BOISE -- The clock is ticking as Idaho lawmakers take care of last-minute business. The plan right now is to end the session on Friday, but there are still some big items to sort out before then.
Most notably, all of the budget and appropriations measures, especially the $1.3 billion education budget. While it's looking like a Friday wrap-up, leadership says that could always change, but they're working toward that target.
"I think we have a good chance for this Friday. Get people home for Easter and let them stay there," Senate President Pro Tempore Brent Hill said.
On Monday, both the Senate and House ticked through bills and leaders met to figure out what might be ahead this week.
"We're trying to determine bills that might have some controversy, things the wheels could come off that would make us stay here a little longer than we were planning, and try to avoid those kinds of problems. And if we think there may be some problems, let's get those addressed now at the beginning of the week, so we don't get some surprises toward the end of the week," Hill said.
The session, if it ends Friday, would be 82 days, which is on the shorter end. Leadership says that shows efficiency, even with a record number of freshman lawmakers.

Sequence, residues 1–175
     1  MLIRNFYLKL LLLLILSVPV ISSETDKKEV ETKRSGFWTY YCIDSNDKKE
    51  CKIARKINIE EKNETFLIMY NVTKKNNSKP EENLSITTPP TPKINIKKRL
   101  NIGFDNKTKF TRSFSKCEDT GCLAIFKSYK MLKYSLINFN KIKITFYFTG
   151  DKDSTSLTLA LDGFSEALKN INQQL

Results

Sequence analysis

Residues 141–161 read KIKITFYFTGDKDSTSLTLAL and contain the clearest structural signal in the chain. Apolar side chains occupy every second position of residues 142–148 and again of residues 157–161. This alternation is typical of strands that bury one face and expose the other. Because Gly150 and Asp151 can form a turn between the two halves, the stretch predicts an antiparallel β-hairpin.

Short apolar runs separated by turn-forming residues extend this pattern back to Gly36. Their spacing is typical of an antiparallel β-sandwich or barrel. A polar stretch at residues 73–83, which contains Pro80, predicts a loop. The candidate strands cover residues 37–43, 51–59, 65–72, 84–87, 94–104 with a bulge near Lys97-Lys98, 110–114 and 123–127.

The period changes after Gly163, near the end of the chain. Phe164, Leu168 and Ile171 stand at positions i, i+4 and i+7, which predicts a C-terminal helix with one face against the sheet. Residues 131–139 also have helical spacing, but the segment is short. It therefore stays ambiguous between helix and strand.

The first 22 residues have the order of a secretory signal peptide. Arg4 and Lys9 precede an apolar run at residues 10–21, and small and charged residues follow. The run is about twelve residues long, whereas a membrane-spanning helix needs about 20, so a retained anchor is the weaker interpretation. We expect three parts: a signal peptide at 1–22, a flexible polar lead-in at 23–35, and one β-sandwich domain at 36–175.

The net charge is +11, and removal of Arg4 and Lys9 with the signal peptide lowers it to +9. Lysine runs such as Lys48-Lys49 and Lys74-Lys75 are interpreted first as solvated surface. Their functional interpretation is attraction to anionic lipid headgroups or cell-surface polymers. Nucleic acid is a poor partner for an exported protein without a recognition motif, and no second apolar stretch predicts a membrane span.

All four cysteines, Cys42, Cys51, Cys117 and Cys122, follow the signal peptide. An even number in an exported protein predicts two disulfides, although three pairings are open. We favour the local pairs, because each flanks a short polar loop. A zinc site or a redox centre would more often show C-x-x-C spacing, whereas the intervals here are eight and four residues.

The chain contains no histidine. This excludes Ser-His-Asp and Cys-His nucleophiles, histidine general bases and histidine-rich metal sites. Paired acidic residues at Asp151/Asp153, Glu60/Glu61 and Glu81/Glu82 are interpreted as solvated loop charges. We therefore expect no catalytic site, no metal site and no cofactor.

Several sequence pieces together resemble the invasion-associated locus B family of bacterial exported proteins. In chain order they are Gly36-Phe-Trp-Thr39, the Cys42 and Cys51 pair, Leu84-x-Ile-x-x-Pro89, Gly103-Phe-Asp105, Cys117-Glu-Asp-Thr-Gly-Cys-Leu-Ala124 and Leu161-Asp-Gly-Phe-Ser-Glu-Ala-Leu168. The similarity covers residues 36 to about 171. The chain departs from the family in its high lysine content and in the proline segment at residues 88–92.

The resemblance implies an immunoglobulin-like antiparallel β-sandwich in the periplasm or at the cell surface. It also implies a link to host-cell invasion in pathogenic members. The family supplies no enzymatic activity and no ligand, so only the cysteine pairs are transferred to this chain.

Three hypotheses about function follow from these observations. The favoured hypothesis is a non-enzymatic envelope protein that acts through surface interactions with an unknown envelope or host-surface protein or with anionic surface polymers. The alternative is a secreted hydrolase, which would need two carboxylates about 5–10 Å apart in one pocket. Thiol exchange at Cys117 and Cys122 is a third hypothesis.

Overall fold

"There was still plenty to do. But we had some good people. Yes, we had some new people, but they came in ready to work. They came in very serious. They wanted to get things done. They wanted to do the people's business, maybe sometimes more than those who've been around for a long time, so we were very impressed with the crop of new legislators we got, both in the House as well as in the Senate," Hill said.
Speaker of the House Scott Bedke met with committee chairs to figure out a list of priorities to keep this session on track to be short, if possible.
"If something important comes up that we have to address, we're not going to just close our eyes and our ears and not take care of the people's business," Bedke said. "Just stay tuned. I mean, it's hard to predict everything at this point."
"There's a lot of bills still in the pipeline. Important appropriations bills, the ed budget is still in the pipeline, and we certainly can't leave without addressing that, obviously. But there are some other bills in some of the Senate committees that House members are very concerned about, and there are a bunch of Senate bills that are in House committees that the Senators are concerned about," Bedke said. "So we're going to sit down here with the chairmen right now and we're going to go over the list and we're going to see where we're at. The bills that they've got to have, the bills they'd like to have and the bills they don't care that much about."
Leaders say one thing that likely won't be entertained anymore this year is Medicaid expansion. House Minority Leader John Rusche criticized that today, calling it "cowardice".